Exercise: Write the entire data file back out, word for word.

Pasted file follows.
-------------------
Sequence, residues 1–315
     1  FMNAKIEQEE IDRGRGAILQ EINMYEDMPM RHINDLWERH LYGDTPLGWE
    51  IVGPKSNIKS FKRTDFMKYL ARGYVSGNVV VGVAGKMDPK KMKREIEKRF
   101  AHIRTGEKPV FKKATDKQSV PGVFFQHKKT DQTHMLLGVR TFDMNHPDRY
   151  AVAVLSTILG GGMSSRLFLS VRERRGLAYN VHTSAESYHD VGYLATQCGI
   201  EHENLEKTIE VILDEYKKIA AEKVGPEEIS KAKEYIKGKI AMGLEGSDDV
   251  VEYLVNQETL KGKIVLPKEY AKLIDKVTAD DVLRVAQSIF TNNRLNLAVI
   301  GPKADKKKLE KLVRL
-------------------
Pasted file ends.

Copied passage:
Sequence, residues 1–315
     1  FMNAKIEQEE IDRGRGAILQ EINMYEDMPM RHINDLWERH LYGDTPLGWE
    51  IVGPKSNIKS FKRTDFMKYL ARGYVSGNVV VGVAGKMDPK KMKREIEKRF
   101  AHIRTGEKPV FKKATDKQSV PGVFFQHKKT DQTHMLLGVR TFDMNHPDRY
   151  AVAVLSTILG GGMSSRLFLS VRERRGLAYN VHTSAESYHD VGYLATQCGI
   201  EHENLEKTIE VILDEYKKIA AEKVGPEEIS KAKEYIKGKI AMGLEGSDDV
   251  VEYLVNQETL KGKIVLPKEY AKLIDKVTAD DVLRVAQSIF TNNRLNLAVI
   301  GPKADKKKLE KLVRL